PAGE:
Spinach Foliar Diseases

Kate Everts, Vegetable Pathologist, University of Delaware and University of Maryland; keverts@umd.edu

Downy mildew of spinach has been found in the mid-Atlantic. This disease is not common in Maryland or Delaware, but I do see it occasionally. Symptoms begin with light spots on the upper surface of the leaf, followed by purple to grey fungal growth on the lower leaf surface (Figure 1).


Figure 1. Downy mildew sporulation on spinach leaves.

White rust (Albugo occidentalis) occurs more frequently in Maryland and Delaware. White rust symptoms begin with light green areas on the upper surface of the leaves. However in the case of white rust, the sporulation on the underside of the leaves is white, not grey (Figure 2). A third common spinach disease is anthracnose (Figure 3). Anthracnose is characterized by small tan lesions on leaves. Scout your spinach plantings and determine whether a disease is present. See the Commercial Vegetable Recommendation Guide for several effective fungicide options. Read the labels carefully because some fungicides applied at high temperatures may be phytotoxic, and many available and effective products, if used improperly, will result in resistance development. Alternate fungicide classes within a spray program, and follow resistance management guidelines on the label.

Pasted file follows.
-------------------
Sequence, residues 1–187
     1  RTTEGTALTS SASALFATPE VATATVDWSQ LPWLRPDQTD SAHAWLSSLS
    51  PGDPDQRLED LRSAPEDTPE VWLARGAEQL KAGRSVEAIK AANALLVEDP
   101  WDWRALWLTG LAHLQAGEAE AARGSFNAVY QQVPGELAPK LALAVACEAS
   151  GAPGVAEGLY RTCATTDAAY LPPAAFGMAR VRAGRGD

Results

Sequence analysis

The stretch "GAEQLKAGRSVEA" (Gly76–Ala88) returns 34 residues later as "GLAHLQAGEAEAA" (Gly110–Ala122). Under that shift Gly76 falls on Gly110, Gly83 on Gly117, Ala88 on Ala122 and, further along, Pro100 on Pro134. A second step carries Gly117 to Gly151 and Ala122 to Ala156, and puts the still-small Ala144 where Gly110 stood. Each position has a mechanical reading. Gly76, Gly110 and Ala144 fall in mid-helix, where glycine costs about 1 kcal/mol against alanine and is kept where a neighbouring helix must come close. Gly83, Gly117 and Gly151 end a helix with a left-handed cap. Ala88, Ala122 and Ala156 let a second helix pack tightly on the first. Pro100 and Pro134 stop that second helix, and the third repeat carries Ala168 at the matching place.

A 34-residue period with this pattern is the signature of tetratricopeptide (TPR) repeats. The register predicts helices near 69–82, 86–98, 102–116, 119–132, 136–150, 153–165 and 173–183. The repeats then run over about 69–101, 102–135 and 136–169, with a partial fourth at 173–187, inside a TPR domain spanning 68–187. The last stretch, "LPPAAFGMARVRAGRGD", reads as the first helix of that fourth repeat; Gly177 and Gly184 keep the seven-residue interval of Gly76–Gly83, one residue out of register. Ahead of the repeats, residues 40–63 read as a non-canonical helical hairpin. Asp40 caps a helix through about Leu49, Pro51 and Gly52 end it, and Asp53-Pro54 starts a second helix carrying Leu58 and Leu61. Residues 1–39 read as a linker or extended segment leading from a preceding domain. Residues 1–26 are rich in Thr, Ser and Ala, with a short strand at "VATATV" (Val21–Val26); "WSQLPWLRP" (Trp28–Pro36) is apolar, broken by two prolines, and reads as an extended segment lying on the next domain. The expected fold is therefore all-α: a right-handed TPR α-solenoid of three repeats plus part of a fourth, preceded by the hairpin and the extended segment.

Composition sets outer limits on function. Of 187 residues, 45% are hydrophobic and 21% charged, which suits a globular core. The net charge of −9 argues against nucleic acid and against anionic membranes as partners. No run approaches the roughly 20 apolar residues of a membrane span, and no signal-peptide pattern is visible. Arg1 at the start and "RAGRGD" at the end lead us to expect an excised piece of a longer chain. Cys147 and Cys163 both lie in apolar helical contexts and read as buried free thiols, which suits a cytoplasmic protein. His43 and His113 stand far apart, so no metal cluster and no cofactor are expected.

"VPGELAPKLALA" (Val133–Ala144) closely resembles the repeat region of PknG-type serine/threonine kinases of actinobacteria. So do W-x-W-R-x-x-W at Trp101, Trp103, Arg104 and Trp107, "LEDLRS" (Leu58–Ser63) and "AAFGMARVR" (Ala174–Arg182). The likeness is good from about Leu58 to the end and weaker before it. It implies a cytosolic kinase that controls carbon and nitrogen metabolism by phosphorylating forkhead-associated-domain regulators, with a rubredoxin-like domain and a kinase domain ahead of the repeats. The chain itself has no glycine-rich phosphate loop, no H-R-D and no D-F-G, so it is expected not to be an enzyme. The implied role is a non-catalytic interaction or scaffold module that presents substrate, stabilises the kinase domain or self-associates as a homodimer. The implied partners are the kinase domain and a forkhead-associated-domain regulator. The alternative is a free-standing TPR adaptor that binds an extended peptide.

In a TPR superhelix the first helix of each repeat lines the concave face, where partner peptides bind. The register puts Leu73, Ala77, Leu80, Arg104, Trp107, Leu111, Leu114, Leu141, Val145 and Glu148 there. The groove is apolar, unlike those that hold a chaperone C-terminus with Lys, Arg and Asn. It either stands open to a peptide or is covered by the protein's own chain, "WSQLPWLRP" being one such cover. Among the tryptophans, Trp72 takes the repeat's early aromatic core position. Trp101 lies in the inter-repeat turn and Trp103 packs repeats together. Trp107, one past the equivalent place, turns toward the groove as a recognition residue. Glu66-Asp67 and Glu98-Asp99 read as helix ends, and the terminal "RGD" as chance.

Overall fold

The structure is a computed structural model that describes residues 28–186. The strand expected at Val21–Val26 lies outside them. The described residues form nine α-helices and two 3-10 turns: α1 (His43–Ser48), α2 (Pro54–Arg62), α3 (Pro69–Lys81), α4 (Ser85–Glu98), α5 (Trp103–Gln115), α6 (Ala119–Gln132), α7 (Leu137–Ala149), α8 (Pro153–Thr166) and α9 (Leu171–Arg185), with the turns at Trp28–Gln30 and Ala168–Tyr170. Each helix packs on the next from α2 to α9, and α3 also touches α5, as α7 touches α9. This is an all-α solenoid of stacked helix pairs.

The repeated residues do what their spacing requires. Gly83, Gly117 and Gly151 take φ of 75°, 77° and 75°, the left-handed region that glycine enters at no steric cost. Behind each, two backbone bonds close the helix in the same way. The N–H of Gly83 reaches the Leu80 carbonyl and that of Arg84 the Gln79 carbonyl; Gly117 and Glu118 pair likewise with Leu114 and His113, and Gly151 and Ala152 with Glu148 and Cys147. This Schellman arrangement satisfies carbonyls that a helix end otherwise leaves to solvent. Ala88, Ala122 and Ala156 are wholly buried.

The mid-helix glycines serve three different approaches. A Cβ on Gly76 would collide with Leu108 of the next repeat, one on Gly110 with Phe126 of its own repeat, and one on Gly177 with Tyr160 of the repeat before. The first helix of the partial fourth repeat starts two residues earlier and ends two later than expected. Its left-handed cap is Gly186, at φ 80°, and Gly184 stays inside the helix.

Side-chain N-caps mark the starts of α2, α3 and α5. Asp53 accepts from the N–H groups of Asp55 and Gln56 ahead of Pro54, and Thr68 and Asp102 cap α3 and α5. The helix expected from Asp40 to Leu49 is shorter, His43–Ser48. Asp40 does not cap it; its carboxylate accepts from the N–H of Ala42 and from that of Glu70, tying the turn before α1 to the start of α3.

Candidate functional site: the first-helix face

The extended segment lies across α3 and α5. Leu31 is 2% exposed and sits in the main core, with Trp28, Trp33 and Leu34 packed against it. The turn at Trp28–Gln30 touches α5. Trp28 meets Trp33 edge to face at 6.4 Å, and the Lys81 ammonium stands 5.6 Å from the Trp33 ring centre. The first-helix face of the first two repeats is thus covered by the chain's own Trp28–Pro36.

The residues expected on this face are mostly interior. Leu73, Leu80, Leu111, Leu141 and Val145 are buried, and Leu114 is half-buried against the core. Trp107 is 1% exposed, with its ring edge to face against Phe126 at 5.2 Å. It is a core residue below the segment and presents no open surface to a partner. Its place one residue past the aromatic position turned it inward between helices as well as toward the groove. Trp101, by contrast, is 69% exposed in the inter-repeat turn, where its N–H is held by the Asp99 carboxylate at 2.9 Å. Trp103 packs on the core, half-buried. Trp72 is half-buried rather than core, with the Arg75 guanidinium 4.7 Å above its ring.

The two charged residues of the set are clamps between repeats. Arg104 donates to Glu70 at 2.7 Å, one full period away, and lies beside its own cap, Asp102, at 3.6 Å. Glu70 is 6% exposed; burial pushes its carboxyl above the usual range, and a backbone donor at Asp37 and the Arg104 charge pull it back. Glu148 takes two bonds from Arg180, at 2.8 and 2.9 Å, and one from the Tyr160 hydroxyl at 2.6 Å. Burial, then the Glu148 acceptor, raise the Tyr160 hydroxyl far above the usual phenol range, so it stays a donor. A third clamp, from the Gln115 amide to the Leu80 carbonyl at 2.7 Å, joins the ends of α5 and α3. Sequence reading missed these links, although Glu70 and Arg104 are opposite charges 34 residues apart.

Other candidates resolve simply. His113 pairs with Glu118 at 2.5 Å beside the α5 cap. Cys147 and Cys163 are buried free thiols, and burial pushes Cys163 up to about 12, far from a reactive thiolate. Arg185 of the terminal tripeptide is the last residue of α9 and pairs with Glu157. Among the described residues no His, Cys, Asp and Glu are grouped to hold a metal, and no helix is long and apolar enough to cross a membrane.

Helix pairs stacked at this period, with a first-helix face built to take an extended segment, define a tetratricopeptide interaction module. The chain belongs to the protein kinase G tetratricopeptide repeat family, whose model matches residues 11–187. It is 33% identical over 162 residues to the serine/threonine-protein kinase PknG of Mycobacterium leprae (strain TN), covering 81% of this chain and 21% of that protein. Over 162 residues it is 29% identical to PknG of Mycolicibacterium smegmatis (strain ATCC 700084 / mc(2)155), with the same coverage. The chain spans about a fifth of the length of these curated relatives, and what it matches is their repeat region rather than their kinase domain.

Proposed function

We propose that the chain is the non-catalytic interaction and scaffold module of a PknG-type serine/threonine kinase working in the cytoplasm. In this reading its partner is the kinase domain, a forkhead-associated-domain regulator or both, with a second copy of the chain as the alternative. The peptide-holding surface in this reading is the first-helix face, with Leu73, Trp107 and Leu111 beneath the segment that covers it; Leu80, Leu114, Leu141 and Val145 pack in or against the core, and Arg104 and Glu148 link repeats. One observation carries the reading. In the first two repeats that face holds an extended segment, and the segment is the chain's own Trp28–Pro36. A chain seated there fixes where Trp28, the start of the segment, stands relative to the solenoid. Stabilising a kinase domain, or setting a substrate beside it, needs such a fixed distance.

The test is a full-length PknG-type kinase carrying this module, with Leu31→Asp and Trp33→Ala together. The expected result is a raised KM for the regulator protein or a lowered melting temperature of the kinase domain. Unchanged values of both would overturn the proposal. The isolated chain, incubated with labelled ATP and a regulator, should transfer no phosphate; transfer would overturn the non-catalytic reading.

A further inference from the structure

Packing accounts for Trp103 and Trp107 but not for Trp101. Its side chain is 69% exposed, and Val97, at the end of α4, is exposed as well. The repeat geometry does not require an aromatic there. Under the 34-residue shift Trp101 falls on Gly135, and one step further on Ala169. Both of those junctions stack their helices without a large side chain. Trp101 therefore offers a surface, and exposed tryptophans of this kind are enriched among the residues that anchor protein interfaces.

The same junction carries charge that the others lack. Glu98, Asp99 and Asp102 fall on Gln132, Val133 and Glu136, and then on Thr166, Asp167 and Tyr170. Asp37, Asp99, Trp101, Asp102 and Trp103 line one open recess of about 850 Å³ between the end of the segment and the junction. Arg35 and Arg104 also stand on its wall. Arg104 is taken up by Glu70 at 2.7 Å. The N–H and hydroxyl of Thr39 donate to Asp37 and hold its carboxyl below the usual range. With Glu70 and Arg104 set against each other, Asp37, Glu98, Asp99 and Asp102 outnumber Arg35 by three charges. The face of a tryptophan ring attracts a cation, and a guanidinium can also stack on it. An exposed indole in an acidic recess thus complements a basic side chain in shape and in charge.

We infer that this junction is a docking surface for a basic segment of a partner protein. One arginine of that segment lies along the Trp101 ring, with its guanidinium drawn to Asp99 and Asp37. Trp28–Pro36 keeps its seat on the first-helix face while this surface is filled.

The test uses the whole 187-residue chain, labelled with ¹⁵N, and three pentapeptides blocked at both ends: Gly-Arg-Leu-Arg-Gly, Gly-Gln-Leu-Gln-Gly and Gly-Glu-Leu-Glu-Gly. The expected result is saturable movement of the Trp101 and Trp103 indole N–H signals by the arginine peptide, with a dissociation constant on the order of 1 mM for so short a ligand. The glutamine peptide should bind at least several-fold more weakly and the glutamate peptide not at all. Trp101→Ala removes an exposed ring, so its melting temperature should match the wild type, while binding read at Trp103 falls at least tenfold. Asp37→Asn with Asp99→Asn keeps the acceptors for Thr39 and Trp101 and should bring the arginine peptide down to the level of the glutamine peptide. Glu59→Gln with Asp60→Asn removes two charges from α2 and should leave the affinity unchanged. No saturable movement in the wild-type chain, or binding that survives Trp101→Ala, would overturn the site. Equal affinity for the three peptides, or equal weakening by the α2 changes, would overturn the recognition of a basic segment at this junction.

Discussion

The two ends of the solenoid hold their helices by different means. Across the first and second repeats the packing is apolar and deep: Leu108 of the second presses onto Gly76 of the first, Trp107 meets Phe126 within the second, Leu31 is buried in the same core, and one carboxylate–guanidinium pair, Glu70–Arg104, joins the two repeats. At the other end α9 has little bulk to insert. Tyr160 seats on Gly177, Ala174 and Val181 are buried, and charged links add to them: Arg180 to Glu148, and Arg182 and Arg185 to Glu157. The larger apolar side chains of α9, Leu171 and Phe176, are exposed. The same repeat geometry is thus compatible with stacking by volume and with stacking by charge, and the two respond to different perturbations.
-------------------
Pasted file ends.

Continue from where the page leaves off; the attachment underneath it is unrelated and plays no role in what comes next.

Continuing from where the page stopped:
Figure 2. White rust infected leaves with chlorotic (yellow) lesions on the upper surface and sporulation on the under surface.

Figure 3. Anthracnose lesions are tan nectrotic (dead) spots on spinach leaves.

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